Like with TV, I don’t watch a lot of movies, but oh boy do I tend to have strong opinions on the ones I do, and a lot of them… aren’t positive. This list mostly beats the odds, but it took a long plane ride with a very fortuitous film choice (literally, 3 of the 4 things I had left to watch at that point) to get me motivated enough to finish the category.
Adri’s Best Dramatic Presentation, Long Form Rankings 2018
6. Blade Runner 2049. I suspected this was not going to be for me, and would you believe my expectations were not challenged. Somehow, this sequel to a classic film (that also has no emotional resonance for me, because I will honour none of your idols) manages to make a plot about reproduction and personhood ALMOST ENTIRELY about the deliberately underplayed feelings of notable male, Ryan Gosling, with women sprinkled in as sex objects or professionals (or both) but never as, you know, mothers. Because why would a film about reproduction and personhood concern itself with mothers (EXPLICITLY IDENTIFIED, LIVING ones that you don’t want to HAVE SEX WITH, before you come at me) when we can just endlessly gaze upon the deliberately underplayed feelings of adult fucking men? It’s pretty and I’d happily play Cosmic Encounters to the soundtrack, but honestly, fuck this movie.
5. Wonder Woman. I’m really very pleased this movie exists, and that it delivered highly enough to blow the idea that female-led superhero movies “won’t work” or whatever out of the water. Like Mad Max: Fury Road, however, I have to put this one down as something I am very happy exists in a genre niche that isn’t really for me. Everything’s a bit grim and grey, I wanted more Amazons, the third act is kind of a mess, and the less said about some of the supporting characters (like the Native American stereotype hanging out on the Western Front, what were you THINKING), the better. Diana is a wonderful character, though, and I wish there weren’t these two completely separate universes going on so that she and Thor could hang out. Somewhere with colours. As a side note, I think this is the lowest I’ve ranked something that appeared in my nominations on my final ballot…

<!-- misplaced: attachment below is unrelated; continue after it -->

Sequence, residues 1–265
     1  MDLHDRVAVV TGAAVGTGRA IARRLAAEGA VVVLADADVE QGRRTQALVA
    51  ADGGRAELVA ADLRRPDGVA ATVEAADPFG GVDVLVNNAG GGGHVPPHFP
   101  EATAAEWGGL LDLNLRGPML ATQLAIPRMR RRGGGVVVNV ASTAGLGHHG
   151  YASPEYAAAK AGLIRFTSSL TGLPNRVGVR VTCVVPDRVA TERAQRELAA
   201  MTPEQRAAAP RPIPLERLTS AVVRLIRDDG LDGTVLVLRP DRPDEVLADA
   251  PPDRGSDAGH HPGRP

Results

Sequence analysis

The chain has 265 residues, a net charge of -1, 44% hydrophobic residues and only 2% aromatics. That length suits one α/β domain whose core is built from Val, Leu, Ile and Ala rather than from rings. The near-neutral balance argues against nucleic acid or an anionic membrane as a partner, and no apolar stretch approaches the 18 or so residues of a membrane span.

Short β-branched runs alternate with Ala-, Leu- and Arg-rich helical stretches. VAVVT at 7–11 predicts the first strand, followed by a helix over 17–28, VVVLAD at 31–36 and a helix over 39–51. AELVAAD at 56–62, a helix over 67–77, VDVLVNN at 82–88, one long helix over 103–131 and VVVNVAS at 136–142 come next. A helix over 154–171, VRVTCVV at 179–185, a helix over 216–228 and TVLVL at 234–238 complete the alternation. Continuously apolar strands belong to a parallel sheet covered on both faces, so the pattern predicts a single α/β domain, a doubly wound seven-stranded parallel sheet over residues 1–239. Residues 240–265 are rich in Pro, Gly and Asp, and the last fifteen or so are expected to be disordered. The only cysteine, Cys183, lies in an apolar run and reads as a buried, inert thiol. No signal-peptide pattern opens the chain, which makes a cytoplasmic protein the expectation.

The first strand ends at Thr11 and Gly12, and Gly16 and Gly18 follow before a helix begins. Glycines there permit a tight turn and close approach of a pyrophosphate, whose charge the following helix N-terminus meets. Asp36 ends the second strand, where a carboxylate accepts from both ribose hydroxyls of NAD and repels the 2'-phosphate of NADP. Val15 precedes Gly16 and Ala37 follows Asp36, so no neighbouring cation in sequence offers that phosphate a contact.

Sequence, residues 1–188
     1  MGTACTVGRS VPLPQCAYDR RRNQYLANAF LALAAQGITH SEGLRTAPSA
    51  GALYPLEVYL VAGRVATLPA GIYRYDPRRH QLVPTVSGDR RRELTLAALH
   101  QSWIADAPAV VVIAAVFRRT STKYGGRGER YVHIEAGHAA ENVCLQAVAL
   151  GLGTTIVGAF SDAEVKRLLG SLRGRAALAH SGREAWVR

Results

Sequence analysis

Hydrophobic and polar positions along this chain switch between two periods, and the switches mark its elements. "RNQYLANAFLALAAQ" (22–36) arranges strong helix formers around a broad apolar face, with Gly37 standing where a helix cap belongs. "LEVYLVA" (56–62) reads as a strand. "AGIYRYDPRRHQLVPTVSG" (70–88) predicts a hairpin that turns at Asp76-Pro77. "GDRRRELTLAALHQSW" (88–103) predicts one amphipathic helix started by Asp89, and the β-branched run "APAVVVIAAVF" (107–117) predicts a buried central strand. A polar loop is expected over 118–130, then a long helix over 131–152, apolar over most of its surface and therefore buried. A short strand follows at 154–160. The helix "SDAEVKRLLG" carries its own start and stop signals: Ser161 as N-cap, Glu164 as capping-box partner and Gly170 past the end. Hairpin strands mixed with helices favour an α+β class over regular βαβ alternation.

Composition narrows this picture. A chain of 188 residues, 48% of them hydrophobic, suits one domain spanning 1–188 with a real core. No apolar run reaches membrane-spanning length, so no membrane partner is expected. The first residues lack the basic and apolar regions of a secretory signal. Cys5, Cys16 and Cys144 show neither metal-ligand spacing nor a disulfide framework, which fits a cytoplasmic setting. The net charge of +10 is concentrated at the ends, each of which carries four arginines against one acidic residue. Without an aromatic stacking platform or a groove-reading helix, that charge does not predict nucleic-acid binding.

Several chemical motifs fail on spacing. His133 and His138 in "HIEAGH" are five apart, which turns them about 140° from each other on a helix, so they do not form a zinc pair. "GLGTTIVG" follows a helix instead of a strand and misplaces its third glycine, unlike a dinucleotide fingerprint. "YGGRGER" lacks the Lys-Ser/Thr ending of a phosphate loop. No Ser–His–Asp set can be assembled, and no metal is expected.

4. The Shape of Water. I found a lot to like in this movie, not least that it doesn’t take itself too seriously. It’s got a satisfying, surprisingly twisty plot and a likeable cast of characters who mostly rise above their own stereotypes. That said, it was definitely “like” not “love” for me, and the downer ending makes it unlikely I’ll want to revisit this story. Also, it’s time to leave behind forever the trend of casting able bodied actors in disabled roles, not least because no movie with a disabled character for a largely able-bodied audience needs to have a “oh wow, I’m not disabled any more!” dream sequence, ever again. I’m all for characters who have nuanced, realistic outlooks on their disabilities, but this type of erasure contributes nothing to that goal.
3. Thor: Ragnarok. Despite having watched few of the “prerequisites” for this entry in the ongoing MCU saga, this movie was great fun, both intentionally (brightly coloured space trashland!) and unintentionally (Benedict Cumberbatch’s American accent!) I understand that utilising Chris Hemsworth’s fantastic comic timing is a new direction for Thor, and if that’s the case I might avoid going back to fill in the movies I’ve missed, because this version of the character is the one I want to be canon. The plot is easy to follow, although having basic familiarity with the characters is probably necessary to fully get what’s going on. Super mega bonus points to Tessa Thompson’s Valkyrie, who gets to be show-stealingly badass in several different ways.